In today’s world of online marketing, Google has provided us with more numbers and data than we could ever know what to do with. Some of this online data is translated into useful information, while some of it is a little more difficult to translate. Google has made viewing web traffic data easier through Google Analytics. However, the data provided must have proper context, or else you may be making incorrect assumptions about your site. Let’s explore this idea of collection and context from a high-level perspective.
Data collected by [simple_tooltip content=’Google Analytics is a freemium web analytics service offered by Google that tracks and reports website traffic.’]Google Analytics[/simple_tooltip], your Content Management System, or website plugins that provide data can be very helpful in diagnosing problem and success areas for your website. However, data is only as good as the collection method that is used. If using Google Analytics, you should implement GA (Google Analytics) tracking code on your website. This code guides Google Analytics to track everything from web traffic, page statistics, and events that occur during a user’s visit. Google Analytics can also give valuable user data: country, browser, device type, language, and interests. So now that you have gathered your data, how can you use it?
Once you start collecting data about your site, interpreting this data correctly is vital to the success of your analysis. Common website statistics, such as bounce rate and page visits, are often seen in only one light. Misconceptions are often made about these numbers, and context can help focus your efforts. For example, bounce rate is often considered to be better if lower. If you are running an ecommerce site, having a high bounce rate is a bad sign, since your goal is transactions. If a user leaves before exploring any of your products, they certainly won’t be buying anything. This ties into having high page views per session which, on an ecommerce site, is more views on more items that could be purchased.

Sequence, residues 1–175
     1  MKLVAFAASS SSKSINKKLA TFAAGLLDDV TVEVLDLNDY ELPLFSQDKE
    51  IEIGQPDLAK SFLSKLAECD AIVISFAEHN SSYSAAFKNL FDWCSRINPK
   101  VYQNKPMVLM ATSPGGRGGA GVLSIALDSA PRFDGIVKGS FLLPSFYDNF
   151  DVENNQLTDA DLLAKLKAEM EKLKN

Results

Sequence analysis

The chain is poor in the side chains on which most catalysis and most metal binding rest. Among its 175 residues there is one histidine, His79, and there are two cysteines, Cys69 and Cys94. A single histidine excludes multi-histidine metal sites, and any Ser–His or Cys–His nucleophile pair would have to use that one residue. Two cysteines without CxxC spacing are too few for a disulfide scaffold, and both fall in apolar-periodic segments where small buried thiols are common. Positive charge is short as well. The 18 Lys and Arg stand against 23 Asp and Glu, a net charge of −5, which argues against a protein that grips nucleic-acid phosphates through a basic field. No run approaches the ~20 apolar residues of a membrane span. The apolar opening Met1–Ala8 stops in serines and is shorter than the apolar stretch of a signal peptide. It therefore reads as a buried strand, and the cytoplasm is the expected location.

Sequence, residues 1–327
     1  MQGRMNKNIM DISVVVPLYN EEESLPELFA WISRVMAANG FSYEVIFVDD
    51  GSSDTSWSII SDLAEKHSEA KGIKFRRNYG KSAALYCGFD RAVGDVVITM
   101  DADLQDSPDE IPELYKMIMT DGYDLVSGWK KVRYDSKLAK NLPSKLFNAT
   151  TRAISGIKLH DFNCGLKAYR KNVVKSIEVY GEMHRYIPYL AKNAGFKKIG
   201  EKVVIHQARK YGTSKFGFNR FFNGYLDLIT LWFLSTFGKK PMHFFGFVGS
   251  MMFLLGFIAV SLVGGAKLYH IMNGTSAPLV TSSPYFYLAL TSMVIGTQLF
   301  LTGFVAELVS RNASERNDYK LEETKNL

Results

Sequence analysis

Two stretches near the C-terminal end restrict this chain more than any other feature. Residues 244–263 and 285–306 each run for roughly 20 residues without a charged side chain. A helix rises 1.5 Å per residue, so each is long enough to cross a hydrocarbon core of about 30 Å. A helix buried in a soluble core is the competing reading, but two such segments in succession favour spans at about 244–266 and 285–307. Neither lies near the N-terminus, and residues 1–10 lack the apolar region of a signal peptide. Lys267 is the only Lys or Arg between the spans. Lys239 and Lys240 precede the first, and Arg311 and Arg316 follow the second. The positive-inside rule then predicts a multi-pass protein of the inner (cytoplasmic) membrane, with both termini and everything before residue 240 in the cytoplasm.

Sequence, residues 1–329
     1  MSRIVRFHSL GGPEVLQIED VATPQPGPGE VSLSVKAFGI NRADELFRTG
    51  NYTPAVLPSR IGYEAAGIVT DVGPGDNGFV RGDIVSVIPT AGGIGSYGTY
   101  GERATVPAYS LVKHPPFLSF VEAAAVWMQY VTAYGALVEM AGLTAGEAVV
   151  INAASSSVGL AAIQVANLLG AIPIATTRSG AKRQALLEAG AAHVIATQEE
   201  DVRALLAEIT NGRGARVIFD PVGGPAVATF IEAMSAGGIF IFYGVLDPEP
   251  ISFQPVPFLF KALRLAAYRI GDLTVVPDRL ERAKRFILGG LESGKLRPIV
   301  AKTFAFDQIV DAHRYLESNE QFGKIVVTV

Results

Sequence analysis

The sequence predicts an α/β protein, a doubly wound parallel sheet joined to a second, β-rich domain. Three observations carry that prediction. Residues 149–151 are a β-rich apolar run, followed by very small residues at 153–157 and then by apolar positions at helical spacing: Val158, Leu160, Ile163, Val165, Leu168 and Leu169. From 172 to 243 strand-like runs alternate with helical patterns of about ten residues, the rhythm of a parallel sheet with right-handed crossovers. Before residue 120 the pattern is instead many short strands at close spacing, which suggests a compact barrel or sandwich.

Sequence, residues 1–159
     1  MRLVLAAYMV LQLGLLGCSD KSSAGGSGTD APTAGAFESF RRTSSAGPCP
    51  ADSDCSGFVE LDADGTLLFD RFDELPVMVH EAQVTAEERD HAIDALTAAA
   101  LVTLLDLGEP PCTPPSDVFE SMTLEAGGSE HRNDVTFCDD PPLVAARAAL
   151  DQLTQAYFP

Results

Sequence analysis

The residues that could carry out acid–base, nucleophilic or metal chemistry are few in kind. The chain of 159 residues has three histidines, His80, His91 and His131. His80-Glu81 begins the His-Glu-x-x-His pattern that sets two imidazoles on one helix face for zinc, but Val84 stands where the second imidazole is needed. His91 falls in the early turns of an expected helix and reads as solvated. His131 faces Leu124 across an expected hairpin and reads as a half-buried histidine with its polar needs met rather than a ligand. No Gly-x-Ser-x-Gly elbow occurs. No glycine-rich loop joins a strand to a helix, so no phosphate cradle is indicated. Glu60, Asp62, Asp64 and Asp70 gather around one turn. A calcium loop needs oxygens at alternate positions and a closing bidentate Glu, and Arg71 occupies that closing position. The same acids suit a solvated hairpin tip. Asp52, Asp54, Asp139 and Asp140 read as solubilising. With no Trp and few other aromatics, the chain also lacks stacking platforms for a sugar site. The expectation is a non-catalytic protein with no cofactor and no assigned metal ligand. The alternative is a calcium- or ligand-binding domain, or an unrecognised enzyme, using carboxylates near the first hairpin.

On the other hand, if your site is an information/content site, a high bounce rate might not be a problem. If your site gives the readers the information they were looking for on the first page they visited, it saves their time and might even improve their satisfaction. They might end up “bouncing” after one pageview, but their perception of the site is positive. Having information that answers their questions improves your site’s credibility in the users’ minds. Similarly, higher page views per session might indicate that users enjoy your site and are looking around for more content. However, if users arrive at your site through an ad or organic search result for specific content, they will expect the first page they view to deliver this specific information. If your landing page fails to live up to their expectations, they will end up clicking around your site, attempting to find the content they expected. This can lead to frustration as they might feel they were misled and it took more clicks and time to get to the information needed.
[Tweet “Data is everywhere. Using it to your advantage is vital in today’s online marketing.”] Data is everywhere. Using it to your advantage is vital in today’s online marketing. Looking at the numbers is important, but understanding the actions of your users will help give these numbers meaning. Proper interpretation and context can lead to insight into what your users are finding or not finding on your site. Is your information on the right page? Is the website navigable? Is the site’s content easily found? These questions will help guide your analytics and will provide more insight through the seemingly endless streams of data.